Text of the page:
The PEOPLE v. HubbardAnnotate this Case
38 Ill. 2d 104 (1967)
230 N.E.2d 220
THE PEOPLE OF THE STATE OF ILLINOIS, Appellee, v. SYLVESTER HUBBARD, JR., Appellant.
Supreme Court of Illinois.
Opinion filed September 29, 1967.
*105 VERNON T. SQUIRES, of Chicago, appointed by the court, for appellant.
WILLIAM G. CLARK, Attorney General, of Springfield, and JOHN J. STAMOS, State's Attorney, of Chicago, (FRED *106 G. LEACH, Assistant Attorney General, and ELMER C. KISSANE and JOEL M. FLAUM, Assistant State's Attorneys, of counsel,) for the People.
Mr. CHIEF JUSTICE SOLFISBURG delivered the opinion of the court:
The defendant, Sylvester Hubbard, was found guilty on two separate indictments for rape which were consolidated for trial in the circuit court of Cook County in 1964. He was sentenced to the penitentiary for a term of 40 to 60 years. The Appellate Court, First District, affirmed the conviction. 73 Ill. App.2d 302. We granted leave to appeal.
The defendant contends that the evidence failed to establish his guilt beyond a reasonable doubt and that the testimony relating to his alleged confession was improperly admitted into evidence since the State failed to produce a list of witnesses to the oral confession in compliance with section 114-10 of the Code of Criminal Procedure. Ill. Rev. Stat. 1963, chap. 38, par. 114-10.
The State's evidence consisted of the testimony of a police officer and of the two women who said they were raped by the defendant. The first to testify was Blanche Jeffries, who said that on January 30, 1964, the date of the alleged rapes, she lived in an apartment at 7130 South Carpenter Street in Chicago. The premises consisted of a two-story residence with a basement apartment rented by Mrs. Jeffries. Also living in the building were Mrs. Newsome and her daughter, Mrs. Boyd, who occupied the first floor, and Carrelle Drake, the other complaining witness and her daughter, who occupied the second-floor apartment. Mrs. Jeffries had three children and Mrs. Boyd had four children, all living in the building on the date in question.
Mrs. Jeffries stated that she knew the defendant prior to January 30 and had seen him on the premises on previous occasions. Mrs. Jeffries testified that on the date of the alleged rapes she was on the first floor visiting with Mrs. *107 Boyd and that at various times the defendant came into Mrs. Boyd's apartment to borrow various items. At about 3:30 or 4:00 P.M. the defendant entered the first floor apartment with a rifle; both she and Mrs. Boyd admired the weapon and called Mrs. Newsome in to see it. She went on to testify that the defendant then forced her to go to Mrs. Drake's apartment on the second floor at rifle point and began to rape her, despite her pleas that she was pregnant and had an infection. While the defendant was raping Mrs. Jeffries, a key was heard in the door. Defendant told Mrs. Jeffries to get dressed and he went downstairs to see who was there. The record is not clear as to whether the defendant took the rifle with him or whether he left it on the bed beside Mrs. Jeffries. According to Mrs. Jeffries, after the key was heard in the door, the defendant "told me to get up and put my clothes on. Then he ran down the stairs and checked to see who it was. So when he came back he said, `That's Carrelle', he says, `And I don't want you to try anything.' So he left the gun laying on the side of the pillow, where it had been while he was raping me and he says, `You know better than to bother it.' I says, `Well, I wasn't thinking about bothering the gun.' Then he says, `Well, you don't know how to work it anyway.' Then he picked the gun up and he says, `If you try anything I am going to blow your brains out.' I says, `I am not going to try anything.' And he went back downstairs * * *."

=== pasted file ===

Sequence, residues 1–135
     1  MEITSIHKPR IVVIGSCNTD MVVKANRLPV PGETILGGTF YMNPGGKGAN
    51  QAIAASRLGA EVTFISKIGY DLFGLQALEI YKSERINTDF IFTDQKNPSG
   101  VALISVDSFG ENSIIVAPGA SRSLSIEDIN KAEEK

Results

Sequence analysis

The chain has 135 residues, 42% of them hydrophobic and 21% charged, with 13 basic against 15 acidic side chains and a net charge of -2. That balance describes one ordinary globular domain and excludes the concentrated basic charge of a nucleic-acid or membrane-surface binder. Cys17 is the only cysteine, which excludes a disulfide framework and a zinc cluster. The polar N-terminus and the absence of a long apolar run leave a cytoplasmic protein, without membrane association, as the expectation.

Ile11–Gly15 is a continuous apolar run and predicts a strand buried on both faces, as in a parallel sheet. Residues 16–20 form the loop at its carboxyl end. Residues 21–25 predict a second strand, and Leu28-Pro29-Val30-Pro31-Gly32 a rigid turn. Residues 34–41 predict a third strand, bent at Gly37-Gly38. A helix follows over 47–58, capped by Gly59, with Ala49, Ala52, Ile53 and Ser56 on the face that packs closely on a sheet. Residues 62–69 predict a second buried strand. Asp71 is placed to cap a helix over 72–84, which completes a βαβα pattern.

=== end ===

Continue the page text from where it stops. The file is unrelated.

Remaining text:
In any event Mrs. Jeffries remained in the second floor apartment while the defendant went down to meet Carrelle Drake.
Mrs. Jeffries went on to testify that both Mrs. Drake and the defendant entered the second floor apartment. At this point the defendant told Mrs. Jeffries to tell Carrelle Drake what was happening and then bound Mrs. Drake with a belt and took Mrs. Jeffries into another room where he again raped her. He then tied up Mrs. Jeffries and raped Mrs. Drake. Subsequently, as Mrs. Jeffries testified, all of *108 them went down to the basement apartment where they were joined by the children. They remained there for about an hour but what transpired during that time is not revealed in the record.
Mrs. Carrelle Drake testified that she returned to the building from work at approximately 5:30 P.M. on the day in question. Instead of going directly to her apartment on the second floor, she entered Mrs. Boyd's first-floor apartment where she encountered Mrs. Boyd and the defendant. She had also known the defendant previous to the day in question. She asked the defendant what he was doing and he replied that he was just visiting. After this conversation he went back upstairs to Mrs. Drake's apartment. She followed him and saw Mrs. Jeffries sitting on the bed. She didn't mention seeing any rifle until she entered the apartment. The rest of her testimony supports the evidence given by Mrs. Jeffries. Neither witness referred to defendant's rifle during the hour they spent in the basement after the alleged rapes.